When a man named Herb MacDonald pioneered the pay-one-price, all-you-can-eat buffet in Las Vegas sometime in the in the middle of the last century, he probably did not realize that his restaurant pricing would become a model for so many businesses, particularly in the media industries. The most prominent imitators, of course, are pay-TV providers (cable, satellite, and fibre optic) who for one price offer subscriptions to a whole mess of channels such as Oxygen, HLN, MTV, Fox News, Bravo, MSNBC, E!, and so forth. (In 2014, the average number of channels subscribed to was 189.1; the average number watched was 17.5.) There are some who like this arrangement: more is more, and the payments are simple, if large. Others, however, find this buffet—or “bundle,” in industry jargon—annoying or unbearable. Social conservatives, for example, have long complained that they want more control over what comes into their homes, and that they don’t like funding the production of fornication-driven shows like “Jersey Shore.” Others simply deem cable TV too expensive—Americans pay an average of a hundred and six dollars a month—and they blame the bundle, fairly or not.
For the past decade, as people have started to watch more television via Internet connection rather than cable modem, the big question has been whether the Web might untie the bundle (an awkward metaphor, but the media world is full of them). There have been signs suggesting that it will: Netflix, for example, has gained fifty million subscribers, and people today can shun cable and still watch some television shows, such as “Mad Men,” by paying $1.99 for an episode a day after it premières. The number of so-called cord-cutters has been growing rapidly.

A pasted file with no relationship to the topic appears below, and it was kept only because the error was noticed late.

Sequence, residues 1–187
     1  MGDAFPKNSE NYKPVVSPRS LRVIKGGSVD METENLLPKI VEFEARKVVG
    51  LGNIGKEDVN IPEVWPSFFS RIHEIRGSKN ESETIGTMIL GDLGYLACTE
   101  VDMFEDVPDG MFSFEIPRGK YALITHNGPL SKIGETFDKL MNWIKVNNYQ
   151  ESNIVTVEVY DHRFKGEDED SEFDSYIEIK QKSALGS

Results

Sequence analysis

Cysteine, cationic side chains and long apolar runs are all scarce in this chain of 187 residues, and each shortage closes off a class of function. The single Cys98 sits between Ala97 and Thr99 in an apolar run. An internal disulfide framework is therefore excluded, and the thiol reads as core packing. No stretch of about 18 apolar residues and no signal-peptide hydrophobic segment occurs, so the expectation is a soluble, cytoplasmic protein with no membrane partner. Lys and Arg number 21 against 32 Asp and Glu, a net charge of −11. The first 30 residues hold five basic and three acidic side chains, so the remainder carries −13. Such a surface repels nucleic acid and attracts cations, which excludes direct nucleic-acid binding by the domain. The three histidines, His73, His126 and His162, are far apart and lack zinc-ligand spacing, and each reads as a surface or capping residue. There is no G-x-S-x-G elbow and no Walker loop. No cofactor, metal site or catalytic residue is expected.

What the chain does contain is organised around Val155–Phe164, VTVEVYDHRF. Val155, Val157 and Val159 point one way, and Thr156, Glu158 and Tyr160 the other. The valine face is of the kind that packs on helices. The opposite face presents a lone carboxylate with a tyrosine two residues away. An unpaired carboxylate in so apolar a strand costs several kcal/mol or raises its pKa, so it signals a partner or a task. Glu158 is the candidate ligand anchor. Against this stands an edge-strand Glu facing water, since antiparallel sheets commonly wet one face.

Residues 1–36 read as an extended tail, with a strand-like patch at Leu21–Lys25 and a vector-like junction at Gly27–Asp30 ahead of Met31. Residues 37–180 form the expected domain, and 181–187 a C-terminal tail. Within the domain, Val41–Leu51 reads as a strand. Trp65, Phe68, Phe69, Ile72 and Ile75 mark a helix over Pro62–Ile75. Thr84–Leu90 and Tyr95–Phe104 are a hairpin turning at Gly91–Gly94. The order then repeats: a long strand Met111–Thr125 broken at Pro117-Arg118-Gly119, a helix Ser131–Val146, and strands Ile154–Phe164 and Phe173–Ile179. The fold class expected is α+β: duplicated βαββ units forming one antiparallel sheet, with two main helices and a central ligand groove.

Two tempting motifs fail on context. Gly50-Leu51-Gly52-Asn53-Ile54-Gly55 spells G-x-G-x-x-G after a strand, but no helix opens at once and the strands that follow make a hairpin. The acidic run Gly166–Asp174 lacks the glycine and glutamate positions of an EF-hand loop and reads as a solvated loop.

But those who predicted that the Internet would kill the bundle may have spoken too soon. Internet TV, in fact, is now growing its own bundle—the so-called “neo-bundle.” This year, Dish television and Sony have begun selling a version of Internet television that centers on a bundle, albeit one that is smaller and cheaper that the original offered by cable companies. Dish’s Sling is the most exciting and enticing: it offers ESPN and twenty other channels for twenty dollars a month. (You add an extra fifteen dollars if you want HBO). Sony’s Vue has fifty or so channels, for fifty dollars a month, but no ESPN or HBO. Apple, meanwhile, is likely to launch its own version in the fall.
In short, instead of the Internet killing the bundle, the bundle is coming to the Internet; it would not be surprising if, in the next year or two, half a dozen more neo-bundlers join the game. This may come as a surprise to those who expected the television of the future to resemble, say, a smartphone screen, where every channel would be roughly like an app that you subscribe to à la carte. But overestimating change in the television industry is a rookie mistake.
Just why is the neo-bundle model on the rise in Internet TV? For one thing, content companies like ESPN don’t necessarily want the annoyances of dealing, like Comcast or Netflix do, with direct subscribers, who are always threatening to leave and demand that irritant known as “customer service.” There are also some people, as we’ve said, who really do prefer to buy by the bundle—buying kitchen knives in big sets remains very popular. But more important is the fact that selling content in a bundle nearly always yields more money for the seller.